Tag Archives: Bruce Springsteen

Squeezing out Sparks: Inspiration & the Writer

Whenever I kick around ideas for a plot, I take key elements and mentally rub them together, to see what sparks are produced. As Bruce Springsteen sang: “You can’t start a fire without a spark.”

For a story to be successful, there needs to be conflict, opposition, uncertainty, some struggle the protagonist faces that will engage the interest of the reader. The conflict can be caused by others or be internal or caused by forces of nature. Think how boring a book would be if everything went right for the hero.

My current WIP Kissing & Killing has a main storyline of mercenary killers hired to murder high-profile big game hunters. They leave the crime scene awash with blood, ten gallons of it brought with them. They ‘sign’ their work with the victim’s amputated hand dipped in blood, leaving a print on the door of the room where they died. The reason for the murders is political, not altruistic, paid for by an African province declaring independence and wanting to retain control of the wildlife on its land.

Subplots involve an arsonist setting fire to farm barns and a gold digger seeking a rich older man to marry. I intend to create sparks by thrusting the subplots into the main plot.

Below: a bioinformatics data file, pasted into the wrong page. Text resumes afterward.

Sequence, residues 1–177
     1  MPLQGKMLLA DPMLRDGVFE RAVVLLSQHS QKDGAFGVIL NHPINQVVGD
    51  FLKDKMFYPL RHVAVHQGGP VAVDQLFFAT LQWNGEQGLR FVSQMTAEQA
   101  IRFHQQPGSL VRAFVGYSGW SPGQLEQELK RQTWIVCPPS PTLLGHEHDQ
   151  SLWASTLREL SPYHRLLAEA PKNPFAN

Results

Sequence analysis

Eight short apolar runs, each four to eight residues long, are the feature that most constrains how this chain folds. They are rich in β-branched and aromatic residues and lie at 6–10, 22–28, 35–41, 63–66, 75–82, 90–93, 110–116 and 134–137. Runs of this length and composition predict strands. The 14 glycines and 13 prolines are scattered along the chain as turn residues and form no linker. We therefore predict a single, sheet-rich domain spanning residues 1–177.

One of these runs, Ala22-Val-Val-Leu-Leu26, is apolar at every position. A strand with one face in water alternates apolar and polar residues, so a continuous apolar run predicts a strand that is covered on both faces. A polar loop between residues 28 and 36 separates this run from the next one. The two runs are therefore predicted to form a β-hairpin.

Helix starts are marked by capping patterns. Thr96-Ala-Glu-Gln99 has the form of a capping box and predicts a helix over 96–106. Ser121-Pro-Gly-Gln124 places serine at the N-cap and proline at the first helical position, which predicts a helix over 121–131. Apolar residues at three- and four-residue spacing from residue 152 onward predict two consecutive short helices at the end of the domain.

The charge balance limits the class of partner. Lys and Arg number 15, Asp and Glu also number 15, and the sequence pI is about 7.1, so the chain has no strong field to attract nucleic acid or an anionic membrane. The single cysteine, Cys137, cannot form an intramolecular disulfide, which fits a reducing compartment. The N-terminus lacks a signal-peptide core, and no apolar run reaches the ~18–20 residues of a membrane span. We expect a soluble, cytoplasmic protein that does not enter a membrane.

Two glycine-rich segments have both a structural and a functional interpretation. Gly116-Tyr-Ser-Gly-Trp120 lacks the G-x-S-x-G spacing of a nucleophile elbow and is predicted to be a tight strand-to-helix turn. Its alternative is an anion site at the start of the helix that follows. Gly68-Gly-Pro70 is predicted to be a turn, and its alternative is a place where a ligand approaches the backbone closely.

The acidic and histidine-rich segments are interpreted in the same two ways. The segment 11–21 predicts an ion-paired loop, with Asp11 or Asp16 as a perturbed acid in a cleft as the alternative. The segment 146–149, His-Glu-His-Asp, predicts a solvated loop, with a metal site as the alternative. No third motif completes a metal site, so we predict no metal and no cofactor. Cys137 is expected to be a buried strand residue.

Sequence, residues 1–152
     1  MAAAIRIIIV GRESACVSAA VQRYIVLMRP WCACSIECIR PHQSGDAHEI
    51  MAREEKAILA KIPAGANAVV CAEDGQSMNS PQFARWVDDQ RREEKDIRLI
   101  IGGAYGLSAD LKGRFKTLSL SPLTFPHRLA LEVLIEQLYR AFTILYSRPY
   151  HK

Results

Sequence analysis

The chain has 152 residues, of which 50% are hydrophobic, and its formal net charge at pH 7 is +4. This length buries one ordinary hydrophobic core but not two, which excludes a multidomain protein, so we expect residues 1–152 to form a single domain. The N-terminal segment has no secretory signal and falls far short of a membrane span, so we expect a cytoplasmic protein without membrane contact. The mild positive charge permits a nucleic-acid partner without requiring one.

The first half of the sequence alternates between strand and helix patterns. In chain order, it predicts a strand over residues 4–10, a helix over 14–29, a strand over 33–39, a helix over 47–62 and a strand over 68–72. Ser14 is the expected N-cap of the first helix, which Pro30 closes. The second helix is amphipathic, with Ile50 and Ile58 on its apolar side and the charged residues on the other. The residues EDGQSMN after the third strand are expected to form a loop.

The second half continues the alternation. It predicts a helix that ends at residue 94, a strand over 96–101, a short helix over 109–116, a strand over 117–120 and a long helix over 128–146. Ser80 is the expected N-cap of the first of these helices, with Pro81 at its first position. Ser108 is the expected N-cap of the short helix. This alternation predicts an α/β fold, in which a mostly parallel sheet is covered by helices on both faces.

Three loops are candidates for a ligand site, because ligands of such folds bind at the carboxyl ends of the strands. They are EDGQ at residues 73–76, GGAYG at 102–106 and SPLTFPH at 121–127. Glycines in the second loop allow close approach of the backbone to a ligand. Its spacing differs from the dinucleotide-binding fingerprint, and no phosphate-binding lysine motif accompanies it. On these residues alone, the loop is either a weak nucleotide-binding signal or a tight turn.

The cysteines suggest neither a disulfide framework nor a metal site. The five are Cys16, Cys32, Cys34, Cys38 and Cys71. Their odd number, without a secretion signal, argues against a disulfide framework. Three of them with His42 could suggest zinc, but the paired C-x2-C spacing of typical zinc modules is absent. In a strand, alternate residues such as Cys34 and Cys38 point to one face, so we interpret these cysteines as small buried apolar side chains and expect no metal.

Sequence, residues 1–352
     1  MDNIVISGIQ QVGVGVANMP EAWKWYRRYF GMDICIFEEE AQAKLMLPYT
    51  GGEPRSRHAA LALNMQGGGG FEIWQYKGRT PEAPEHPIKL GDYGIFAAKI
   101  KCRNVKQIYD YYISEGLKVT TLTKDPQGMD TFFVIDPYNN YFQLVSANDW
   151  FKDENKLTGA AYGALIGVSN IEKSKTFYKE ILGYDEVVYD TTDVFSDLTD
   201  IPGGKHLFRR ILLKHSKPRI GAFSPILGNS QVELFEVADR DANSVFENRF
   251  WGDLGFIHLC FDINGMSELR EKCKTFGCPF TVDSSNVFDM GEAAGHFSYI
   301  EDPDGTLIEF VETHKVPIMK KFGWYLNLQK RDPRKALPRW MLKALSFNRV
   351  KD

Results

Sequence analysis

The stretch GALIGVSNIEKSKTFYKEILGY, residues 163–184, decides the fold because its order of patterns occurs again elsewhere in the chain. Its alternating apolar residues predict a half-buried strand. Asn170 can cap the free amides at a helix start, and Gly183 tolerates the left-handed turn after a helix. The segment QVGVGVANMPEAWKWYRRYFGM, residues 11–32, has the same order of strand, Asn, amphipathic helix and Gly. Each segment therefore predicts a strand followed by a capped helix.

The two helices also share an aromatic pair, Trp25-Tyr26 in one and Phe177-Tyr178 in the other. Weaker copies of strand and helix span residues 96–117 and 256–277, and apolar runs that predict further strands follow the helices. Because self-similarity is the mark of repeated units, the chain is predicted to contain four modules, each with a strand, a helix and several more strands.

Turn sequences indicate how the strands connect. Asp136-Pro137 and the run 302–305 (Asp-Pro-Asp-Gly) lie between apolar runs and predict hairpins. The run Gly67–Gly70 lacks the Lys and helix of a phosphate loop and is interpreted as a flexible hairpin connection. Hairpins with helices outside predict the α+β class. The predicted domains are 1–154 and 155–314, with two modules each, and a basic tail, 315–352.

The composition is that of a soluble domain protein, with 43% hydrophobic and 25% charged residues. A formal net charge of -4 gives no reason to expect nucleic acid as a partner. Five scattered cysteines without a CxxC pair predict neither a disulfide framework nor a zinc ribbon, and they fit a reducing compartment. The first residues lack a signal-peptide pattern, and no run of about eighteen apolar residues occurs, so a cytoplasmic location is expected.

Inspiration for the principal storyline came from three sources:

1) Seeing protests by Extinction Rebellion, where fake blood was poured.

Extinction Rebellion protesters pour fake blood over New York’s capitalist bull

2) Photographs of big game hunters posing with trophy animals they’d shot.

(David Attenborough hits out at hunters as 12-year-old admits to trophy hunting)

3) Coming across a photo of a slave staring at his five-year-old daughter’s amputated hand and foot, removed to punish him not meeting rubber plantation production quotas.

(View at your own risk. This Image of A Slave Father Looking At His Daughter’s Severed Hand And Foot Has Haunted Generations)

What sparked your stories into life?

Balancing Creativity and Mental Illness

As one familiar with long-term depression, the findings in this article don’t surprise me. Most of the artists I’ve known in my life have been troubled with some mental malady or other, and that includes writers, sculptors, painters, musicians, photographers, actors and craftspeople.


It’s good that famous people are being more open in talking about their personal struggles, as it helps to reduce the stigma of being diagnosed with depression, bipolarism, borderline personality disorder or schizophrenia.

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Jeanette Winterson

Just as we need a bit of grit in our lives to create friction, so we can get purchase and progress through being creative. Some of the best books, records, paintings, photographs, sculptures and films come from those who’ve been through the turmoil of mental tribulation.

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